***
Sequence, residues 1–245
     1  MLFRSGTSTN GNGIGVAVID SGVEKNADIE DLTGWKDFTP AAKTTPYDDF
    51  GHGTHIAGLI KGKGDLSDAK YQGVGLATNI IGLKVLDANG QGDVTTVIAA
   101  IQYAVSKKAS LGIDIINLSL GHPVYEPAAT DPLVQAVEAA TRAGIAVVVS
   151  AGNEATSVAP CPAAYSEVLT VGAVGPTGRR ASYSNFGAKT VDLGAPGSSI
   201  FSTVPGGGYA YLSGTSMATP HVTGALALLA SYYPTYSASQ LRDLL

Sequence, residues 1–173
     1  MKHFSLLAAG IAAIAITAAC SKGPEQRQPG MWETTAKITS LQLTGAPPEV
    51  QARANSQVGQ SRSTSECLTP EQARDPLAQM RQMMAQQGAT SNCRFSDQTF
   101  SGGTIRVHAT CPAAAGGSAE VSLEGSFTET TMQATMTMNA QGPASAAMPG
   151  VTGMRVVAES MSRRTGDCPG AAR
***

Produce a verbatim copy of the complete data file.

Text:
Sequence, residues 1–245
     1  MLFRSGTSTN GNGIGVAVID SGVEKNADIE DLTGWKDFTP AAKTTPYDDF
    51  GHGTHIAGLI KGKGDLSDAK YQGVGLATNI IGLKVLDANG QGDVTTVIAA
   101  IQYAVSKKAS LGIDIINLSL GHPVYEPAAT DPLVQAVEAA TRAGIAVVVS
   151  AGNEATSVAP CPAAYSEVLT VGAVGPTGRR ASYSNFGAKT VDLGAPGSSI
   201  FSTVPGGGYA YLSGTSMATP HVTGALALLA SYYPTYSASQ LRDLL

Sequence, residues 1–173
     1  MKHFSLLAAG IAAIAITAAC SKGPEQRQPG MWETTAKITS LQLTGAPPEV
    51  QARANSQVGQ SRSTSECLTP EQARDPLAQM RQMMAQQGAT SNCRFSDQTF
   101  SGGTIRVHAT CPAAAGGSAE VSLEGSFTET TMQATMTMNA QGPASAAMPG
   151  VTGMRVVAES MSRRTGDCPG AAR